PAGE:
Saint Meinrad Seminary & School of Theology

Formation and Education for the Life of the Church

Everyday Martyrdom



This week we celebrated the Solemnity of our beloved martyr Meinrad, a ninth-century monk and hermit who offered hospitality to the very men who would later beat and kill him. And he did this all the whileknowingtheir evil plan, and for this he is known as the "Martyr of Hospitality."

While reflecting on the life and death of our holy patron this year, I couldn't help but think that we, too, share in his martyrdom, although for most of us, it is not as violent or acutely painful.

Each and every one of us participates in an "everyday martyrdom," a daily dying to self that is part of Jesus' initial call to "take up your cross daily," and perhaps even St. Benedict's commission to "keep death daily before your eyes."

These daily deaths, these daily crosses, come in many forms, but they are perhaps more acutely felt in the idiosyncrasies of those closest to us. "Why does she talk with food in her mouth?", "Why does he just stand around all day?" "Why did that guy just cut me off in traffic?! Who does he think he is?!", "Why does he track dirt on the carpet?"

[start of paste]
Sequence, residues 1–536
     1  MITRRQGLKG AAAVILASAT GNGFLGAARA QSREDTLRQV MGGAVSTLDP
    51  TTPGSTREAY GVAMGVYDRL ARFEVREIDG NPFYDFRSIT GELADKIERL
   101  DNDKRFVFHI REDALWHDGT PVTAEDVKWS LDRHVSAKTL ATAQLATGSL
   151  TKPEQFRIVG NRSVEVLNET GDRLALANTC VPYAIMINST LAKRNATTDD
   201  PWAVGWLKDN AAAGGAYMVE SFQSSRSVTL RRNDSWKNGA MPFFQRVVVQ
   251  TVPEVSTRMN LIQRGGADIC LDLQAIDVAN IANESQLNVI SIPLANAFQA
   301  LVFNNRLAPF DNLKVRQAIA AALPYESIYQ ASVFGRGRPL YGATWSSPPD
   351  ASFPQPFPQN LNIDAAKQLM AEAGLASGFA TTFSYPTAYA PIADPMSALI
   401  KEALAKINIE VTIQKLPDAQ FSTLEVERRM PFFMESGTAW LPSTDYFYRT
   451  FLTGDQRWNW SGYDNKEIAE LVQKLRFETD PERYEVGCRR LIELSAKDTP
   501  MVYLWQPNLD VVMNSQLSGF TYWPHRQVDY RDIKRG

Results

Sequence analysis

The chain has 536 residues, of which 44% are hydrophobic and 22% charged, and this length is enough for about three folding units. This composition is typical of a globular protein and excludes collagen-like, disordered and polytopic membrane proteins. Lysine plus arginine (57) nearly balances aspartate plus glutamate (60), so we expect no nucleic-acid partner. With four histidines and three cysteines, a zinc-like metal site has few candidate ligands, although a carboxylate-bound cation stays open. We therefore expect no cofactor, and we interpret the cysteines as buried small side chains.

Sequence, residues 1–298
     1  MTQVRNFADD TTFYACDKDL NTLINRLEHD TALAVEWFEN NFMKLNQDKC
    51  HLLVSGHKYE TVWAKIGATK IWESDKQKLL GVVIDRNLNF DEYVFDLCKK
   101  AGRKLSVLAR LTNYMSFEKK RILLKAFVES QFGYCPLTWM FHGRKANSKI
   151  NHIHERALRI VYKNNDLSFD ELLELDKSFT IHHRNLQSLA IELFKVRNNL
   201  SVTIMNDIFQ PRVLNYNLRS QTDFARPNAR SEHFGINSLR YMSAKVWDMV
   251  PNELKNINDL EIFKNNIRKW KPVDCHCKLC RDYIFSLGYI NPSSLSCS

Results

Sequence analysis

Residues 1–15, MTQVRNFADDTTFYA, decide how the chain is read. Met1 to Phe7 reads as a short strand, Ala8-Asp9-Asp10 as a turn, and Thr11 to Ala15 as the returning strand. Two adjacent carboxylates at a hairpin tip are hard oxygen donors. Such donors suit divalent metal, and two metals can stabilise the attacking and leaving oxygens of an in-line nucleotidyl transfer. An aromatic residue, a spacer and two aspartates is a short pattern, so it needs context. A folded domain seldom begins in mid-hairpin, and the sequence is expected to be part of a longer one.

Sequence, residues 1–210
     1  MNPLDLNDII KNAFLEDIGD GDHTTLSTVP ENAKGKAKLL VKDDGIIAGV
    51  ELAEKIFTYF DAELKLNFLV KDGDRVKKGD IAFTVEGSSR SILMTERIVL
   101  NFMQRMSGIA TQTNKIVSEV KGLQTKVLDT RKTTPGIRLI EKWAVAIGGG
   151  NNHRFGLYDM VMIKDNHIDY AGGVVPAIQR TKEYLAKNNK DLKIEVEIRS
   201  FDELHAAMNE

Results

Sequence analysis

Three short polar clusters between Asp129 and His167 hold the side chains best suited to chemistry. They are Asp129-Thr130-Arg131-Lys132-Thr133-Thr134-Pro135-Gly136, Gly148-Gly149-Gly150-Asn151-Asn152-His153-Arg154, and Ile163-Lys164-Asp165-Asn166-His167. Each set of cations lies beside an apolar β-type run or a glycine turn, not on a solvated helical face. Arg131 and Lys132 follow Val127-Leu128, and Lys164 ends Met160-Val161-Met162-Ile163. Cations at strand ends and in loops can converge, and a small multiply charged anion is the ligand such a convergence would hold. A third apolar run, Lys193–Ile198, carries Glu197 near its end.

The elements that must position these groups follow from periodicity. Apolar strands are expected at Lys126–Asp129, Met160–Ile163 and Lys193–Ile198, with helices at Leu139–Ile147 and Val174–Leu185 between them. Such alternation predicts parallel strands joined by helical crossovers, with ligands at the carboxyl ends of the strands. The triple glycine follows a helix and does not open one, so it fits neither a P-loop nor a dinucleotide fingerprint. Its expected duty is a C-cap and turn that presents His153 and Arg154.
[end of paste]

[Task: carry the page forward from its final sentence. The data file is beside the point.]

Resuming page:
The list goes on and on. And we can drive ourselves mad by constantly making others' hang-ups a source of frustration and, in doing so, forget to "sweep in front of our own front door."

When we are too hung up on the things that drive us nuts about others, there is no room for love, which is our ultimate goal, to love as Christ loved. Our daily martyrdom is to see past these idiosyncrasies and learn to love despite them. But to do that, we have to let go of our own preferences. We have to let go of our own false-self that inhibits this love. This is true intimacy.

Michael Casey, in his book Strangers to the City, writes that monastic life is like "death by a thousand tiny pinpricks." While I haven't seen that written on any of the tombstones in the graveyard, I can certainly attest to the truth of this statement. Living closely with many others, and learning to accept their shortcomings (and learning to accept your own shortcomings!), can be very painful!

But it's those very people closest to us who both hurt us and, perhaps more importantly, heal us. The pain of this everyday martyrdom is ironically soothed sometimes by the very people who have caused the hurt. This is intimacy in action.

While we certainly aren't all called to the explicit martyrdom like that of St. Meinrad, we are all called to bear insults patiently, to welcome our persecutors as Christ, and we have to do it each and every day. And we, like St. Meinrad,knowwho our persecutors are, but by following his example, we continue welcoming them into our lives each and every day, because in them we see Christ.

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Echoes from the Bell Tower is a blog devoted to observations on Christian faith, spirituality and everyday events, by authors with a connection to the Benedictine values found at Saint Meinrad Archabbey and its Seminary and School of Theology. Contributors include students, permanent deacons, Benedictine oblates and Saint Meinrad monks. Their stories, thoughts and ideas highlight the mission and vision that ring out from the bell towers on this Hill in southern Indiana.